The Department of Energy’s Oak Ridge National Laboratory has named Jeremy Busby the division director of its Reactor and Nuclear Systems Division.
RNSD focuses on current and future nuclear energy systems through advanced reactor development, improved modeling and simulation and spent fuel research—work that supports sponsors ranging from DOE to nuclear industry to the Nuclear Regulatory Commission.
The division, part of ORNL’s Nuclear Science and Engineering Directorate, will also soon lead ORNL’s fuel testing and development. The Nuclear Fuel Materials Group, led by Kurt Terrani, will join RNSD on January 1 when Busby officially begins his new role.
“I am excited to have Jeremy join the leadership team of NSED and lead RNSD’s future growth in impacting the nuclear energy community,” said Alan Icenhour, associate laboratory director for NSED. “The division includes world-renowned experts who will help in deploying the next generation of nuclear reactors, and Jeremy’s experience is crucial in enabling these scientists and engineers.”
Busby’s new position is somewhat of a homecoming; he worked in NSED from 2011 to 2015 in a number of roles and as the group leader of the Nuclear Fuels and Materials Group from 2013 to 2015. Since 2016, he has served as the division director for ORNL’s Materials Science and Technology Division, which leads fundamental and applied materials research for a wide range of sponsors and activities.
“Throughout my entire professional and education career, I have had the opportunity to take part in numerous nuclear energy research and development efforts,” said Busby. “In joining RNSD, I’m excited to lead a team that is focused on supporting the nation’s need for nuclear energy, but can also make a contribution to many other parts of ORNL’s portfolio.”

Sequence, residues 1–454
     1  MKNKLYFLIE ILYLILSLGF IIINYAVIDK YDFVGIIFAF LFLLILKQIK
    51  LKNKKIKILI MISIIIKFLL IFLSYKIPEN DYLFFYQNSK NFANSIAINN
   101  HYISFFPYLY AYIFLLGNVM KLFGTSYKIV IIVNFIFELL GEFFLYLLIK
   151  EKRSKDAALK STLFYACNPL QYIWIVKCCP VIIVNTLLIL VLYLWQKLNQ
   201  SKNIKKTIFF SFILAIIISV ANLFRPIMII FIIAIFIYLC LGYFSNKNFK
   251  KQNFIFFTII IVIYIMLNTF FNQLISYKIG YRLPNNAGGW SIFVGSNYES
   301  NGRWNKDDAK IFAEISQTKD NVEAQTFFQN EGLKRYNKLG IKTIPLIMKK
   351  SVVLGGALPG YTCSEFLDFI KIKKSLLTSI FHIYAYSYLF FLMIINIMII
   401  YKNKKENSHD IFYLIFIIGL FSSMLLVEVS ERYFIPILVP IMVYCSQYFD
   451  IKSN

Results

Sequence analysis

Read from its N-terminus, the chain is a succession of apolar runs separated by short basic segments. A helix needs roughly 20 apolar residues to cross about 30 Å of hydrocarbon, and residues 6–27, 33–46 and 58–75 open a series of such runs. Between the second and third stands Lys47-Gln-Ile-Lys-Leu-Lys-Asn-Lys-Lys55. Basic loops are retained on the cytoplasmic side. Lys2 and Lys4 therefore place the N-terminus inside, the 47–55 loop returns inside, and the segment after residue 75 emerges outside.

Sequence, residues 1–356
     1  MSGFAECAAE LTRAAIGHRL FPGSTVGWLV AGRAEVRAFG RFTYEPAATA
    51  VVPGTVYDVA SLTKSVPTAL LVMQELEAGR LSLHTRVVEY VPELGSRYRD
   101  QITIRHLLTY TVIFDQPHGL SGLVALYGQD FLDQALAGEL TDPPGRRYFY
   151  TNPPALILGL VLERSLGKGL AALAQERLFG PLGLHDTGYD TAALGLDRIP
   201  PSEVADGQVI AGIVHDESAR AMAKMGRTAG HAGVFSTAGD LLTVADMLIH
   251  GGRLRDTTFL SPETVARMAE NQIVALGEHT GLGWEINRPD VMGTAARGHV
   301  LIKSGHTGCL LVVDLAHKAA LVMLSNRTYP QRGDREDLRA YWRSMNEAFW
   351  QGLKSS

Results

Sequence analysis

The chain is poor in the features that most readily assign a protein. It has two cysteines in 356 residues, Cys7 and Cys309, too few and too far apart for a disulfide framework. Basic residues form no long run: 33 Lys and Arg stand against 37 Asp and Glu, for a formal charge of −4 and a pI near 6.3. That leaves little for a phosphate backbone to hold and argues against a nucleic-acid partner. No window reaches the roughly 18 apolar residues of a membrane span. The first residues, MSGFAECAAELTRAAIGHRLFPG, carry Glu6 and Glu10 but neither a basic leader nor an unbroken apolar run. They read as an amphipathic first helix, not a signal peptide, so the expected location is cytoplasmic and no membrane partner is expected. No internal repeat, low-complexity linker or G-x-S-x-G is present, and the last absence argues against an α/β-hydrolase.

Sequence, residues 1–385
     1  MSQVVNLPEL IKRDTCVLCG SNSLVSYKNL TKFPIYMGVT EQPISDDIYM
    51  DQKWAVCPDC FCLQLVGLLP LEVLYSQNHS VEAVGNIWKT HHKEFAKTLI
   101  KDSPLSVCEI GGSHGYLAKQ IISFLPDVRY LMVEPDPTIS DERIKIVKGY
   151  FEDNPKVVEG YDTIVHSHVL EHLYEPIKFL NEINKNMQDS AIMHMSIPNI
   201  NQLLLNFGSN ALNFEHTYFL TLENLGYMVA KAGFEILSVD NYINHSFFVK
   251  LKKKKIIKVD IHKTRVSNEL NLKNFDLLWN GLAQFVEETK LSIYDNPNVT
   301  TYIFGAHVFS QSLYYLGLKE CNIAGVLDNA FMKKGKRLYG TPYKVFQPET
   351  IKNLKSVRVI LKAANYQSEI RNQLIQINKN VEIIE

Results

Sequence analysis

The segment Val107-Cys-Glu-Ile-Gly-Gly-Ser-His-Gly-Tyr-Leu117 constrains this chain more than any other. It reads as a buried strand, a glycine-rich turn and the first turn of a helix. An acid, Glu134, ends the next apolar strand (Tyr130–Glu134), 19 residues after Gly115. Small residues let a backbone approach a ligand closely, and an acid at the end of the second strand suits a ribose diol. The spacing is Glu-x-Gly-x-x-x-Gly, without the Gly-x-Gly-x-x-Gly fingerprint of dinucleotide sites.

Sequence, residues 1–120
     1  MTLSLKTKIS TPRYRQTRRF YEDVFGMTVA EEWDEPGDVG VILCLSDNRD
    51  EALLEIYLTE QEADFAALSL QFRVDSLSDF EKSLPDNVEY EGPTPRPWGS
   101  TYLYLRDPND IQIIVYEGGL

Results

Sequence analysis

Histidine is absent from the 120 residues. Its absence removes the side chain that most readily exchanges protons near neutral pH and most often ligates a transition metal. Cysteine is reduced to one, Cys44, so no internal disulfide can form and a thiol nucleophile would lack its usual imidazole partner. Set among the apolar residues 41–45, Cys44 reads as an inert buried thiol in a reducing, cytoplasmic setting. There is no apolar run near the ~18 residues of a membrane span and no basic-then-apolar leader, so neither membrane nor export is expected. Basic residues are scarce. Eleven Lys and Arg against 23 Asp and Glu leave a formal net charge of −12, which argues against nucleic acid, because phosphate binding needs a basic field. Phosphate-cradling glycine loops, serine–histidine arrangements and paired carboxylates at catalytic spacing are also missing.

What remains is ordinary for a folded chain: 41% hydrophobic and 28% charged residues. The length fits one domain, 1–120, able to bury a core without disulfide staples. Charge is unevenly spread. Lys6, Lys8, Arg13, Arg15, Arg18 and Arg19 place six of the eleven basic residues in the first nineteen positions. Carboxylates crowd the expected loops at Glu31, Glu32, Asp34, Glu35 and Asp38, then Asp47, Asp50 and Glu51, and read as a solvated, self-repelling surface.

Beginning in 2008, Busby led the Materials Aging and Degradation Pathway for DOE’s Office of Nuclear Energy Light Water Reactor Sustainability Program. In that role, he managed an effort that involved five national labs and 12 universities as part of extending the operation of the current fleet of reactors.
The American Nuclear Society presented him with the Landis Young Member Achievement award in 2006, and in 2007 he received the ORNL Early Career Award for Engineering Accomplishment for his research leadership around high-performance cast stainless steels, a critical part of the ITER project.
Busby received the Presidential Early Career Award for Science and Engineering in 2010 for the high-performance cast stainless steels effort and for mentoring students as an adjunct assistant professor at the University of Michigan. In 2011, he received a Secretary of Energy Achievement Award for contributions to DOE’s response to the Fukushima Daiichi nuclear power plant accident in Japan.
He received a bachelor’s degree in nuclear engineering from Kansas State University and master’s and doctoral degrees in nuclear engineering from the University of Michigan.
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